The Freedom To Explore

Transcontinental J.ACK

Long-distance specialist and intrepid adventurer Darren Franks talks us through his TCR race bike in full battle dress before he competes in the 4th edition of the epic Transcontinental race across Europe.

A balance of speed, comfort, durability and style. Every single component was agonised over and chosen with the unique demands of ultra-distance racing in mind.

Aerobars are a must when it comes to ultra-distance and not just for the aerodynamic advantages. They offer more options for riding positions and spread the damage more evenly across the body, especially the hands, which take a huge beating. Having my gadgets mounted where they’re visible from any position is a great help. The eTrex is my no-frills primary navigation. I have a second head unit for data (I like data) and as a navigation backup. Stem-mounting the phone means my camera is always to hand and I can also search for facilities, check the leaderboard and anything else, all while on the move. The 3T aero handlebars were something of an indulgence, but they are wonderful things. Flat tops (unwrapped as I hold onto the elbow rests when I’m upright) and integrated cabling give some marginal aero gains, which can all add up to significant numbers when multiplied by the distance of the race.

Gearing is 50/34 and a Frankenstein’d 12-32T cassette. I’ve deliberately dropped the 11T sprocket because I should be disciplined about resting during descents. Di2 electronic gears have two distinct advantages when it comes to ultra-distance racing: there’s no stretch or friction from cables so they need very little maintenance and should perform consistently all the way to Turkey; and when my hands have failed (as most riders’ hands will do) it’s much easier to lightly press a button than to shift a mechanical lever. Di2 also allows me to have shift buttons on the aerobars, which saves energy, helps me keep an optimum cadence and means I spend more time in an aero tuck. A chain catcher is a safety net against chain issues that could easily cost a lot of time to resolve.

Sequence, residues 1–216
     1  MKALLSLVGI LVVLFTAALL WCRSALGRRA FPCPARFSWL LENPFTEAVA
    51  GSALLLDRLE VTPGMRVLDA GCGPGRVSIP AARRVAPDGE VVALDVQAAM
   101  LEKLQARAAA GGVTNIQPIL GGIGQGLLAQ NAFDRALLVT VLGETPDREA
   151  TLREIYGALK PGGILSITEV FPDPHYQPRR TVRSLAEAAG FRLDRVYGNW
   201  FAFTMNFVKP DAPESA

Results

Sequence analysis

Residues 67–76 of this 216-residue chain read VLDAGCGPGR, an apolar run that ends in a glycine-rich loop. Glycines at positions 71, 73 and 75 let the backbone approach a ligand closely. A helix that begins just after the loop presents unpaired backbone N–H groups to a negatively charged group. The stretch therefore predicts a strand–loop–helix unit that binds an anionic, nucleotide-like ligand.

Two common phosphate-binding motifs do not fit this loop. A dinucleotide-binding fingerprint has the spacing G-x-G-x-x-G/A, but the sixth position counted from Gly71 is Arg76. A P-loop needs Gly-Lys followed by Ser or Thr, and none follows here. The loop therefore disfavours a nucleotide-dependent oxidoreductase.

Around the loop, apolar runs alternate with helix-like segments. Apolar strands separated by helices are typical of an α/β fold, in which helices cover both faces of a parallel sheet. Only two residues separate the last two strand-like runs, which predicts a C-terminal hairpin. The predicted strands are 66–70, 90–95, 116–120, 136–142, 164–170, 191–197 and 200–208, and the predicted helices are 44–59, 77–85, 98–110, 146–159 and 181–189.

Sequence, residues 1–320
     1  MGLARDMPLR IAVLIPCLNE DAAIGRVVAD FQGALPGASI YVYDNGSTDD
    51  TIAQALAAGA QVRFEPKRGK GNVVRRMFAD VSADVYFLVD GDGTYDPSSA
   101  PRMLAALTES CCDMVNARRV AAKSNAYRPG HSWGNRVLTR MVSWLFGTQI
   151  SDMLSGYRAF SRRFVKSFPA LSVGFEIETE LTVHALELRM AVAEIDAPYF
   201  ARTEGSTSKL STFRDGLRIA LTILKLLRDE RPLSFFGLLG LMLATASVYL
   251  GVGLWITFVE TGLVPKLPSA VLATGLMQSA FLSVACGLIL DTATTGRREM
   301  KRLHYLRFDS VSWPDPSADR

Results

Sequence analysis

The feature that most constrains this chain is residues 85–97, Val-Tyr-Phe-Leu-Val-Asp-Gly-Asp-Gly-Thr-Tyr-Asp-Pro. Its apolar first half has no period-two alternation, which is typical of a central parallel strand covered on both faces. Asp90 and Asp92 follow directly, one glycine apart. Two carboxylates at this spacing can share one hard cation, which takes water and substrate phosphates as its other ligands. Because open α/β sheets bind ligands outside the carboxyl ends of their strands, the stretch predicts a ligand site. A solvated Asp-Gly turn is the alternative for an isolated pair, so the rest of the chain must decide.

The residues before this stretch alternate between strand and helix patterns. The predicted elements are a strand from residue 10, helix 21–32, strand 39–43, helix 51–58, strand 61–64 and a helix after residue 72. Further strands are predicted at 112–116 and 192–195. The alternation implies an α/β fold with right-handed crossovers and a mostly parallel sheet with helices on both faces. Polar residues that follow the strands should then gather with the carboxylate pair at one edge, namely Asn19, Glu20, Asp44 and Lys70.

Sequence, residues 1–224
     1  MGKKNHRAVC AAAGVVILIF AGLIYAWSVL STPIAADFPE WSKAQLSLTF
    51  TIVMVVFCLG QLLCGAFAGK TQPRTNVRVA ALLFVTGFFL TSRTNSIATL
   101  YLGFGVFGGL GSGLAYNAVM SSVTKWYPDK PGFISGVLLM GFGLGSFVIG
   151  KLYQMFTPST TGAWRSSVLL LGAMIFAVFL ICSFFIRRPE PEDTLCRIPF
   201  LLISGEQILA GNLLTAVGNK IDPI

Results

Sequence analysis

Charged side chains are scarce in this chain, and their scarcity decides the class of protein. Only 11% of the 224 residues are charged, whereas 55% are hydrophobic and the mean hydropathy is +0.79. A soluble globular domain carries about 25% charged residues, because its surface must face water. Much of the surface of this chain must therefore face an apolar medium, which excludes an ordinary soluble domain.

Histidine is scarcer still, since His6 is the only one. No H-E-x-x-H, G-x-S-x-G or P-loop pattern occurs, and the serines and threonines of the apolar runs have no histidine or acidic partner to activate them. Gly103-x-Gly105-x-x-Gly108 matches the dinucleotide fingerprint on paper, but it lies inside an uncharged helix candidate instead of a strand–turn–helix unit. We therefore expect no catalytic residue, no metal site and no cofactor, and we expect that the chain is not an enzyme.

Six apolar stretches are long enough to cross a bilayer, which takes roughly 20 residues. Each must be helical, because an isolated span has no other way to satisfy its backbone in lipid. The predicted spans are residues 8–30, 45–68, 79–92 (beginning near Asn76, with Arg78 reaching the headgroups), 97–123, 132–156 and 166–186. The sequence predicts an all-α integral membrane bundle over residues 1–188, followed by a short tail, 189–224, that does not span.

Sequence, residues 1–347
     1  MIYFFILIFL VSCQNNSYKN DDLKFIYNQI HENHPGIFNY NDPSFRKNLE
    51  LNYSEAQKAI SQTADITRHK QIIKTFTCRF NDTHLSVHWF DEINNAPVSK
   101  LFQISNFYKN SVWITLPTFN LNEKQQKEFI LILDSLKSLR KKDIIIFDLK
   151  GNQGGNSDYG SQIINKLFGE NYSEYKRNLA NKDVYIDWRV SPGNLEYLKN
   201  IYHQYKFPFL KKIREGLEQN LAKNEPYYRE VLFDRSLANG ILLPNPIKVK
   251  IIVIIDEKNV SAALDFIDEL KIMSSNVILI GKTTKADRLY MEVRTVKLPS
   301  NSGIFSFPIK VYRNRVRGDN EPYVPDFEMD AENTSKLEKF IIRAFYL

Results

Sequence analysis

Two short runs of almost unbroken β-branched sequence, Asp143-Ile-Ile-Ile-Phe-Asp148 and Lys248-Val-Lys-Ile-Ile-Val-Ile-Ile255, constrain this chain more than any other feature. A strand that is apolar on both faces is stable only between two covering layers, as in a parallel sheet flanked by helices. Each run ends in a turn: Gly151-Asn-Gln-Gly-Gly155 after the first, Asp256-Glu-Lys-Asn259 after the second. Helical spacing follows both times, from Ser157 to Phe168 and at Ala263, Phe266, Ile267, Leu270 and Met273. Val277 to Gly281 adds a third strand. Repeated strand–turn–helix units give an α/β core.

My luggage philosophy is fast and light. A top tube back is reserved for food; I’ll be eating around 12-13,000 calories per day. The custom frame bag holds a small selection of spares, warmers, hygiene kit, electronics and more food. The 3L saddle pack is smaller than most TCR riders use but just about holds my bivvy bag, down gilet, rain jacket and waterproof shorts. I’ve done away with the sleeping bag and sleeping mat as they’re too bulky and I’ll probably be tired enough to sleep anywhere.

My requirements for wheels were too weird for anything off the shelf so I worked with DCR Wheels to design these. The 40mm disc-specific carbon rims are great for aero yet very light and, I hope, durable enough for the demands of the race. They’re laced to a SON Delux dynamo with aero spokes and shod with Schwalbe’s Pro-One tubeless tyres. The dynamo means I can create my own power to keep gadgets and lights charged without stopping. The disc brakes are hydraulic which has the same maintenance-free benefits as the electronic gearing and also requires much less strength to pull compared to mechanical disc brakes, so I’ll still be able to stop when ulnar palsy robs me of hand function.

Comfort is much more important than speed, if it means you keep pedalling for longer. I won’t be needing maximum stiffness to sprint out of corners so Oli Laverack suggested dropping the seat tube to a thinner 27.2mm diameter. This added a little more of the compliance that riders love titanium for but it also allowed me to use the Ergon CF3 seat post, which adds even more. For the easiest possible servicing I also requested a threaded bottom bracket, so any possible issues can be resolved anywhere on the route with only basic tools.

A final little touch was to include the Transcontinental Race logo on the top tube as a nod to why this bike was conceived. When I get tired and my head drops I see the logo and remember that it’s a race. Those dots above the mountains represent the position of riders on the map and also remind me that friends, families and strangers are all watching my dot and following my performance.

Special thanks to Darren Franks for lending us his amazing TCR J.ACK to display on our stand at the Tour of Cambridgeshire show. You can read all about Darren’s adventures on his blog – The Adventure Capitalist.

For more information about the J.ACK range please click here.

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